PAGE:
In this week’s “Love, Recorded,” baby Grace has her first kiss, and Matt misses it.
I go to New York for a reading and leave my wife and the baby at home for the third time in Grace’s 10 months of life. When I get back, my baby who is afraid of other babies touching her has kissed a boy. Her first kiss.
My wife says she will never forget the name Roy. She says our daughter leaned forward and touched Roy’s hand. Then stuck out her mouth and gave him a kiss on the nose.
I did not expect history to be made.
Roy screamed, though not without pleasure, I’d guess. Roy’s mother went out of her mind at the cuteness.
If I had been in Boston, I would have been at work. So I would still have missed it. But as it is, how can I not think of all this as too early? Something I should not have to miss yet. Something I should be happy to miss, later. Something that shouldn’t involve one’s parents. I can remember, my first kiss, thinking, This is my first kiss. I can remember thinking small, personal fireworks.
What can babies know about the momentousness of life? Everything, to them, is momentous. This is why, as I understand it, they put everything in their mouths. Because, when everything is new and wonderful, the distinguishing thing is, how does it taste?
When I got Cathreen pregnant, we knew things would change, of course. We knew we would change. We never needed to know how a pregnancy test worked before, for one. We used to worry it out.
May is a full month. Cathreen’s birthday, Mother’s Day, our anniversary. We used to punctuate these dates with drinks and delicacies. We used to work them up so much in our minds that we would fight ourselves and sometimes each other to make them great. Now they are all water under the baby’s bridge. When the baby lets us, we take her to lunch for our anniversary and eat fried seafood while she eats little rice Os. We take the bus with the baby and after we satisfy her needs, we celebrate being able to celebrate us.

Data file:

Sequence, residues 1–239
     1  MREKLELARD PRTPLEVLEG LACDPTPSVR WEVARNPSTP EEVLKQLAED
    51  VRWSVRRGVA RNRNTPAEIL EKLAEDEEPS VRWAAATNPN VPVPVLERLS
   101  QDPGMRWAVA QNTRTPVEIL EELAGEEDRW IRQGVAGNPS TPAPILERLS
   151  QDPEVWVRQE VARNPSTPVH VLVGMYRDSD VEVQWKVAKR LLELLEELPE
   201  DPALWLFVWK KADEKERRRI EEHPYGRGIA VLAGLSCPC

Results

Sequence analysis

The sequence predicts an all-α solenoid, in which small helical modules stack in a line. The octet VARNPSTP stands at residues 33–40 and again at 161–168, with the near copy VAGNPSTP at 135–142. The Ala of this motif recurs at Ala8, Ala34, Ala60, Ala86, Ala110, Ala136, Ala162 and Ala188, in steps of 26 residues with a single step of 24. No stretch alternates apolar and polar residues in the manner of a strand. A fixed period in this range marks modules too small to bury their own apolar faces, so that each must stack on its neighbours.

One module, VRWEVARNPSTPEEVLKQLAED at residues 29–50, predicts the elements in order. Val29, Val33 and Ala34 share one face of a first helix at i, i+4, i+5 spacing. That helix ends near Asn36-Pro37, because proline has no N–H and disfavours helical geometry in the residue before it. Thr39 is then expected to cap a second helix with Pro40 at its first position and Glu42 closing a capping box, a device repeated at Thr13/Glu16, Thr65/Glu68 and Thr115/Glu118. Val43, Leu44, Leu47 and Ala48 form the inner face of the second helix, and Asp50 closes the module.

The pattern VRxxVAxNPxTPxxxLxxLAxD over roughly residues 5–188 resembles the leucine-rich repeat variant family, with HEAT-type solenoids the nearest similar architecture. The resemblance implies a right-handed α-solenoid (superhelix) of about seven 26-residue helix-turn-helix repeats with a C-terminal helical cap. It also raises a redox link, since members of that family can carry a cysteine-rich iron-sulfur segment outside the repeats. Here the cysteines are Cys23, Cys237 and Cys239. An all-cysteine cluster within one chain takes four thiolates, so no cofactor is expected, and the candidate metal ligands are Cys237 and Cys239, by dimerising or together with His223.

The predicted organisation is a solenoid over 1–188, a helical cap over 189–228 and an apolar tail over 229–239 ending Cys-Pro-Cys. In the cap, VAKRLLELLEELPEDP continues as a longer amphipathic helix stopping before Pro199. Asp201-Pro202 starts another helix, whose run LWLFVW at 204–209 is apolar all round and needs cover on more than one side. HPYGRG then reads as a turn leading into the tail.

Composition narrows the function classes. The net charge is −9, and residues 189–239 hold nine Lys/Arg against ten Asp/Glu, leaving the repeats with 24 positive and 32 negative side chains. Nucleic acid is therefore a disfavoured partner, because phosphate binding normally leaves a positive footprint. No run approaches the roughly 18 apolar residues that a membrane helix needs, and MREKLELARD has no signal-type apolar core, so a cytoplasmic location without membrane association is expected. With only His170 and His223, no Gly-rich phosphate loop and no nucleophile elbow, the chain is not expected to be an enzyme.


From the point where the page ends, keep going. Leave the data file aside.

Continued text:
What I am saying is, there is no fancy restaurant you can take a baby to if you care about preserving your memory of yourself.
What I am saying is, how do you really know a tree falls in the forest if your baby doesn’t react to it?
We let the specific days go by not because they don’t matter, but because any good day with the baby is a good day to turn another year old.
When we had our friend’s car, weeks ago, we took the baby to the play room at the mall, to tire her out, and afterwards I bought my wife a dress to cover all our bases, a tiny inside-the-park home run. Nothing flashy, just speed and luck.
I wonder what it is, then, that makes us feel nostalgia for moments that have not yet passed.
Somehow I already miss the good days we have, though they are far from over. I miss a baby a little older, just learning to talk, when she will use her words to keep us closer instead of to push us away. I miss the age when we can be together without complete exhaustion. Most of what I miss is still a ways off. The good days keep coming intermittently, surprising us, so that in the middle of them, we already feel sad they’re almost over. We want another good day even as we are having one.
For a while now, my wife has been saying that we need to appreciate baby time. That it will soon be over. I have been telling her that I can’t wait for the day the baby becomes a human.
But I will miss Baby. I will.
I will miss my daughter giving someone a kiss without backstory, without stakes. I will miss being able to think that her kissing a boy is cute.
I will miss the times my daughter crawls up into my arms and laughs when I squeeze her. I realize, now, that this is not what a human likes. Humans are more alone. Humans are more ashamed.
The story I read in New York was about self-hatred, self-hope. The characters I write could be people I’d want to save my daughter from, or from being.
Before the bus comes to take me back to Boston, a rainstorm passes over New York and soaks my sandals, my pants. I mean, you could wring me out. The bus is an hour late. I spend five hours in a cramped seat while my pants stick to my legs and my feet freeze. And yet the next day, I write on Facebook and Twitter that the trip was worth it. I feel the need to tell the world that the pros outweighed the cons.
I wish I had seen that kiss, but that appreciation of the bus for the night before it is what I want. I want us all to be always coming home from a trip. To forget the next part of the journey and remember the worth of where we’ve been.